Seasonalight

Light Seeking

More on Praximund.

By W. Bulach – Own work, CC BY-SA 4.0, https://commons.wikimedia.org/w/index.php?curid=64587917 Photo – the mighty Kauri, one of the most efficient nitrogen process recyclers on Planet Earth. Click on the image for more information.

Fluminism brings together my thoughts over a number of years. I offer an alternative to Biocentrism (Taylor), Ecocentrism (Naess) and, importantly, Anthropocentrism (Passmore, et al).

To be a Fluminist is to recognise oneself viscerally as part of the interconnectedness between all beings ~ Sanguimund, and in this realisation, to act with love, respect and responsibility in protecting these interconnections, minimising the breaking of their flows, to find fluministic ways to proliferate and send new flows ~ Praximund. … Read more

Applying the Precautionary Principle to Capitalism Itself.

Plastic waste snagged during floods along the River Wye. Photo by me. 

 

Unless you believe that we are members of some kind of intergalactic cult, we humans are not alien to this world. We are intrinsic to it; a manifestation of the diversity of all the life that ever existed.

Despite our geologically recent farming cultures, the schism between humans and the rest of nature is false. In fact, growing and harvesting food, generating our water and energy supplies, and getting rid of waste is where we are submerged deepest into the flows of life, and where we are perhaps closest to our teresapien kin. … Read more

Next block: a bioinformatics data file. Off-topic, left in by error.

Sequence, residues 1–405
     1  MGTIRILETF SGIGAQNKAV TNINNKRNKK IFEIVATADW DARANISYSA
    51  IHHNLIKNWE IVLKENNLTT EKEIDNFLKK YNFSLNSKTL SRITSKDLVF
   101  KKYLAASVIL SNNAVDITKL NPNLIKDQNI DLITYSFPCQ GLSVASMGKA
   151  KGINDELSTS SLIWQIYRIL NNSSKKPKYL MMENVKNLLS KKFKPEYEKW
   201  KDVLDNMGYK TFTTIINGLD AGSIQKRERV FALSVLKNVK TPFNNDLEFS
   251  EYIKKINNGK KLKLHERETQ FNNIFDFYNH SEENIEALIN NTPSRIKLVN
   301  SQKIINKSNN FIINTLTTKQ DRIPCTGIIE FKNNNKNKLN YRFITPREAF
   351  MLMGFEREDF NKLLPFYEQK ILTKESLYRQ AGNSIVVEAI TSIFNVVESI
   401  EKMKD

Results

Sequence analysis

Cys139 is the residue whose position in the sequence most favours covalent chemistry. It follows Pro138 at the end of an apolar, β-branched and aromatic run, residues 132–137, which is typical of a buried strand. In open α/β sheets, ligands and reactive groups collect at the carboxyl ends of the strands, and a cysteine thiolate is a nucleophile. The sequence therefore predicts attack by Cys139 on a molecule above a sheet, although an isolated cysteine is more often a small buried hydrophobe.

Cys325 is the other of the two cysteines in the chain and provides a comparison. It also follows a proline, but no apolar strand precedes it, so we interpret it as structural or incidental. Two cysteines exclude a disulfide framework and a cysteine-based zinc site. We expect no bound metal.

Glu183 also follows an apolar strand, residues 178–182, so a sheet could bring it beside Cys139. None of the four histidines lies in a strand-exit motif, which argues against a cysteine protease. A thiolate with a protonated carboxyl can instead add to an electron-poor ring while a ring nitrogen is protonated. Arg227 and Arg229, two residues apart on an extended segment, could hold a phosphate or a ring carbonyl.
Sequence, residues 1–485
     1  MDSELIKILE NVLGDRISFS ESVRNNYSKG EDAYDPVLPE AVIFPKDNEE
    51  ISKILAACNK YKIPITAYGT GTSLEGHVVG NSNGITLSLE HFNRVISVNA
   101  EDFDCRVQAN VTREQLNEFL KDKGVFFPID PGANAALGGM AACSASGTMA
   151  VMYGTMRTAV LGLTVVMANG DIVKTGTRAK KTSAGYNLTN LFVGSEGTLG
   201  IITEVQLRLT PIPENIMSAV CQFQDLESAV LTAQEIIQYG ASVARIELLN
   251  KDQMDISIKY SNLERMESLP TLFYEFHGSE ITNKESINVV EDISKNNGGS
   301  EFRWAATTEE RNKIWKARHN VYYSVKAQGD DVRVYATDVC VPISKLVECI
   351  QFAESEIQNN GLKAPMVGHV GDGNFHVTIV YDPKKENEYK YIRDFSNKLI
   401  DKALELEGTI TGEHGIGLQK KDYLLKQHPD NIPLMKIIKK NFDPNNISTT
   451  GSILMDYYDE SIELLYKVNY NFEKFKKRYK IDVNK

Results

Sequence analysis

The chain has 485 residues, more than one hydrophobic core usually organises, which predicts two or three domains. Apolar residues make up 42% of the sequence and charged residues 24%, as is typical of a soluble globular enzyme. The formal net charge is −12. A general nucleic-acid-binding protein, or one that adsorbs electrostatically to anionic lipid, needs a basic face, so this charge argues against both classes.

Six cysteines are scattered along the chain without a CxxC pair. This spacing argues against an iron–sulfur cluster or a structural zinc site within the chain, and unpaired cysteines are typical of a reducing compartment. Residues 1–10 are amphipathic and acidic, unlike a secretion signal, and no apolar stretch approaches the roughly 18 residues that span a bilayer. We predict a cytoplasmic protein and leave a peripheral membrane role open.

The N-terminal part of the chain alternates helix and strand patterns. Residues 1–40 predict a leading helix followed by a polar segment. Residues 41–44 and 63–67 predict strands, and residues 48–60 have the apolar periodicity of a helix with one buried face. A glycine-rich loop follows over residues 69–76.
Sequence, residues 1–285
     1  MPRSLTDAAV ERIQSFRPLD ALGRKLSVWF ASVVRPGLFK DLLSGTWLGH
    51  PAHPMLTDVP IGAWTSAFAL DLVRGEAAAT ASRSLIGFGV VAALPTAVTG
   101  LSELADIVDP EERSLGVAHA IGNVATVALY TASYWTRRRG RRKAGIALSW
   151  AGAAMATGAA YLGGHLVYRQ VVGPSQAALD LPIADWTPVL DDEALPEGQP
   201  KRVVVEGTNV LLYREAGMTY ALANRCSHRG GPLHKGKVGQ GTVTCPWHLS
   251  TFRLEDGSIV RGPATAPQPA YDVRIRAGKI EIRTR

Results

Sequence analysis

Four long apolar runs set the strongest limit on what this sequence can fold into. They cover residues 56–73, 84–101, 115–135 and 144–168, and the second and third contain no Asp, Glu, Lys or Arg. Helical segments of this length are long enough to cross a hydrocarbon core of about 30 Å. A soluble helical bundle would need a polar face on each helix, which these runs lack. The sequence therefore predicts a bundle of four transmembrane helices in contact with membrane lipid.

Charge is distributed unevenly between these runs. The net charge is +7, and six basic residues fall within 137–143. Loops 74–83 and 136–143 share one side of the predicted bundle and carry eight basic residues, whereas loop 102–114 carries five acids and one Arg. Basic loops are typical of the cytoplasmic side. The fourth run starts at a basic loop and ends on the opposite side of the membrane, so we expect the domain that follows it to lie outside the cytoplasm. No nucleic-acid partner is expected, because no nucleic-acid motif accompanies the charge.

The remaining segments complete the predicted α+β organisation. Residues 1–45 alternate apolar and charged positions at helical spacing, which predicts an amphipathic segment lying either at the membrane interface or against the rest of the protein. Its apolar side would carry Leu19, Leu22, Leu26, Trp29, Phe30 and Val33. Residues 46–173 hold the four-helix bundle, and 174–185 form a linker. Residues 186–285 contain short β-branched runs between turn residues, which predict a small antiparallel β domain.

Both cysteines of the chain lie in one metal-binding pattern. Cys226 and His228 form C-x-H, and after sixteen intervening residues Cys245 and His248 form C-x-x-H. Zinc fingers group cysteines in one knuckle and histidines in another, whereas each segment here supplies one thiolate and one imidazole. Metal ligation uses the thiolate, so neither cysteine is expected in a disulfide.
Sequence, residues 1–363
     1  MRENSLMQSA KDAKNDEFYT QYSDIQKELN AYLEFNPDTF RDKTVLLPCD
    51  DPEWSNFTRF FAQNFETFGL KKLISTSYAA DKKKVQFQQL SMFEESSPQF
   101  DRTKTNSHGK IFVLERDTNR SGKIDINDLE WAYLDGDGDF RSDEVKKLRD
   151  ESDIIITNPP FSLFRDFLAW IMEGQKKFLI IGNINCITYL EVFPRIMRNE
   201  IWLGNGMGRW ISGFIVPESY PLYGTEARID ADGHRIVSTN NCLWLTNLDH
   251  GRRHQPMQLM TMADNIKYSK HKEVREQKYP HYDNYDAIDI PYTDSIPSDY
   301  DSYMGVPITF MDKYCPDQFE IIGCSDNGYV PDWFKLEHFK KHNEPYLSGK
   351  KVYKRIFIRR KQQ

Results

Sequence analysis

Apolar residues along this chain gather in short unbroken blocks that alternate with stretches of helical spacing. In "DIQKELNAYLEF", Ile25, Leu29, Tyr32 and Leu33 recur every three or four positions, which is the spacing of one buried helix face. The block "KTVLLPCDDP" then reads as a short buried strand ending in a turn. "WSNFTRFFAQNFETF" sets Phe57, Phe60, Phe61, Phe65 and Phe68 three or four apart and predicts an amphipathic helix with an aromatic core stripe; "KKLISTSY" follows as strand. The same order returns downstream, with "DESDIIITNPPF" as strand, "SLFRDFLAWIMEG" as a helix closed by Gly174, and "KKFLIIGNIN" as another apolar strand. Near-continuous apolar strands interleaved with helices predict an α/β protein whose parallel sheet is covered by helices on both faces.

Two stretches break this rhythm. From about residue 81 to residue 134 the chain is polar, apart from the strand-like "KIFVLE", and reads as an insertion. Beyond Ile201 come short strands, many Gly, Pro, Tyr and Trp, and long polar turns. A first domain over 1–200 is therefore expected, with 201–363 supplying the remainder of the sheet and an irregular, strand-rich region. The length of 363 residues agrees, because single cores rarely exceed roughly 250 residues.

Climate and ecological justice – fight for both! A Tweeterie

Climate scientists and activists are still tending to think and communicate to the masses in human socio-political terms, even going so far as to reject the worth of saving NGO-promo animals (trees, whales, pandas, polar bears), or other teresapiens in general as an un-emotive or meaningless exercise, and continuing to place the human species as central to all like a gravitational force.

To bring people into the Nawoken, may require the initial motivation of something much closer to themselves. What immediately touches us drives us. But tragically, that too is a legacy of white, ‘Enlightenment’ colonialist separation, reductionism, or bifurcation. Many of the indigenous communities, before the violence of European colonisation erupted, were already living vast eco-logical interconnected lives, honouring and respecting living beings and places, to include the inorganic, where humans were culturally not centre-placed in isolation in all decision making. … Read more

My own mental wellbeing, welldoing.

In the young wood, Westhope, where the sparrowhawks wheel. Photo by me.
This, chosen as one of the Guardian readers top 2010 photos.

I just want to note this moment in terms of my own mental health. As an ecophilosopher, I do not separate myself from my thoughts. It would be like ripping me apart, limb from limb. I write about life-love as a devotion, and I am similarly devoted to my cause. These are exceptional and difficult times, and it is important to recognise despair and kindle hope. If someone attacks my core devotion, and any attempt to recognise despair and kindle hope, they are attacking me. … Read more

A note on ecolinguistics and my neologisms.

L is for Language (photo by me)

 

My first language is English. It matters not what my ethnic heritage is or is not. I did not choose for it to be. I was born into an English speaking family.

English, according to linguistics scholars, is a Western Germanic language on the family tree of all languages. It also uses core words originating in Latin, French, Norse, and others through acts of (brutal) Colonialism.